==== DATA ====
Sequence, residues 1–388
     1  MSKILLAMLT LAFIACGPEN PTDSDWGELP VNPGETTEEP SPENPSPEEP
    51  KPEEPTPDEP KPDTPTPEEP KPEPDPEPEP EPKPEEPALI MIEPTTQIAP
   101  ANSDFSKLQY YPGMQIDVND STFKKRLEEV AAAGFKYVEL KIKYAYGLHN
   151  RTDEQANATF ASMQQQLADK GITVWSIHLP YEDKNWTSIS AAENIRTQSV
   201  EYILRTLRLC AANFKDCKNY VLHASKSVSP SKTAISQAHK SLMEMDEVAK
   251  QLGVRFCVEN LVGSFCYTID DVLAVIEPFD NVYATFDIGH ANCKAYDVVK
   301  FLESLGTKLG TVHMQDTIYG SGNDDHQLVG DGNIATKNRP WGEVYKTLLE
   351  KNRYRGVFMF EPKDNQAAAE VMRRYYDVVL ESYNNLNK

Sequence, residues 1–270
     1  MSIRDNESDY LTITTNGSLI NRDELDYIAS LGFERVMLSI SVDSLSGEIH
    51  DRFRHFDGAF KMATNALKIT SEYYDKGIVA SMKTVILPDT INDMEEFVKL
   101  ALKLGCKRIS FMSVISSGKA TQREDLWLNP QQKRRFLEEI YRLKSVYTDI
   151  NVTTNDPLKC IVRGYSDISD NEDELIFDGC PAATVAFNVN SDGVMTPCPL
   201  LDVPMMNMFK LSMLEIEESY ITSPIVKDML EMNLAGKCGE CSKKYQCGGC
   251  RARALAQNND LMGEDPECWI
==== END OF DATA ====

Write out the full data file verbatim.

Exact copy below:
Sequence, residues 1–388
     1  MSKILLAMLT LAFIACGPEN PTDSDWGELP VNPGETTEEP SPENPSPEEP
    51  KPEEPTPDEP KPDTPTPEEP KPEPDPEPEP EPKPEEPALI MIEPTTQIAP
   101  ANSDFSKLQY YPGMQIDVND STFKKRLEEV AAAGFKYVEL KIKYAYGLHN
   151  RTDEQANATF ASMQQQLADK GITVWSIHLP YEDKNWTSIS AAENIRTQSV
   201  EYILRTLRLC AANFKDCKNY VLHASKSVSP SKTAISQAHK SLMEMDEVAK
   251  QLGVRFCVEN LVGSFCYTID DVLAVIEPFD NVYATFDIGH ANCKAYDVVK
   301  FLESLGTKLG TVHMQDTIYG SGNDDHQLVG DGNIATKNRP WGEVYKTLLE
   351  KNRYRGVFMF EPKDNQAAAE VMRRYYDVVL ESYNNLNK

Sequence, residues 1–270
     1  MSIRDNESDY LTITTNGSLI NRDELDYIAS LGFERVMLSI SVDSLSGEIH
    51  DRFRHFDGAF KMATNALKIT SEYYDKGIVA SMKTVILPDT INDMEEFVKL
   101  ALKLGCKRIS FMSVISSGKA TQREDLWLNP QQKRRFLEEI YRLKSVYTDI
   151  NVTTNDPLKC IVRGYSDISD NEDELIFDGC PAATVAFNVN SDGVMTPCPL
   201  LDVPMMNMFK LSMLEIEESY ITSPIVKDML EMNLAGKCGE CSKKYQCGGC
   251  RARALAQNND LMGEDPECWI